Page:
Thursday, March 26, 2020
The nation’s immigration courts are rapidly deteriorating. But focusing exclusively on the immigration courts reveals only part of the urgency, and tells only part of the story, associated with how deportation adjudication is unfolding in the Trump era. This Essay pivots away from the state of the immigration courts and instead focuses on multiple executive branch efforts that prevent (or seek to prevent) non-citizens from accessing those courts altogether. The executive branch is using a wide array of tools — unwritten practices, revisions of substantive asylum law through regulation, agency guidance to officers, and direct expansion of applicable rules — to effectively block access to the immigration courts. The Administration’s efforts to prevent adjudication in the immigration courts thus resemble a barricade: an improvised barrier, subject to dismantling and enjoining, and yet still effective in creating short-term obstacles amidst the chaos. In shifting our focus to the barricading of the immigration courts, we see even greater dysfunction in the current state of immigration adjudication than commonly appreciated, as well as the heightened importance of reform efforts for the future.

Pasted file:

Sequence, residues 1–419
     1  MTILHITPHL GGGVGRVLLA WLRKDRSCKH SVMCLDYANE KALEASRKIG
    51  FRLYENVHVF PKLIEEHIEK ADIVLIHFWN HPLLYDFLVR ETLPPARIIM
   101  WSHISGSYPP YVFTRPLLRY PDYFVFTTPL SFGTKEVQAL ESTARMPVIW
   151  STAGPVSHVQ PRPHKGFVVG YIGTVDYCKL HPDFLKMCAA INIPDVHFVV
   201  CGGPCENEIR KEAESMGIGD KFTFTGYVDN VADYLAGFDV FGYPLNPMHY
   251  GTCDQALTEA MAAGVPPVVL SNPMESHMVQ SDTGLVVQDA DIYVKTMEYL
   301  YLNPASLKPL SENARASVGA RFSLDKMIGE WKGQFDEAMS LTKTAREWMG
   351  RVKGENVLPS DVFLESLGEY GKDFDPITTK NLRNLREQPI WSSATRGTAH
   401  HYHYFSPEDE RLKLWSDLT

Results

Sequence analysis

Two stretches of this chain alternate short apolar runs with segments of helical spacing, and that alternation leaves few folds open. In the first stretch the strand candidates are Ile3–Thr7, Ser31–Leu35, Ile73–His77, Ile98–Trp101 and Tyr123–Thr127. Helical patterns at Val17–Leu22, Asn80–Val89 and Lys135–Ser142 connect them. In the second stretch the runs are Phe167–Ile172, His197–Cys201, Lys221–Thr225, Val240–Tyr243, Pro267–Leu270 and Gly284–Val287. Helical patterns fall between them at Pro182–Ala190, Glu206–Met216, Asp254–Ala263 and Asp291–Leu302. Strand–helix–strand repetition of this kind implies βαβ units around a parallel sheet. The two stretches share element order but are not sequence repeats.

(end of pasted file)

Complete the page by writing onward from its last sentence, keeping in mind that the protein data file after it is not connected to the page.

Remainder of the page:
This Essay identifies four categories of activity that together reflect the rapidly developing trend referred to here as the barricading of the immigration courts. Part I provides necessary background on expedited removal, the cornerstone of the executive branch’s barricading of the immigration courts. Part II discusses the types of barricading currently underway — metering, asylum bans, sub-regulatory guidance and bureaucratic reorganization related to credible fear interviews, and the attempt to expand expedited removal — as well as the legal challenges they have invoked, and constitutes the bulk of the Essay. Part III briefly analyzes the implications of the barricading of the immigration courts for our understanding of contemporary immigration adjudication, judicial review, and future-looking immigration reform and advocacy.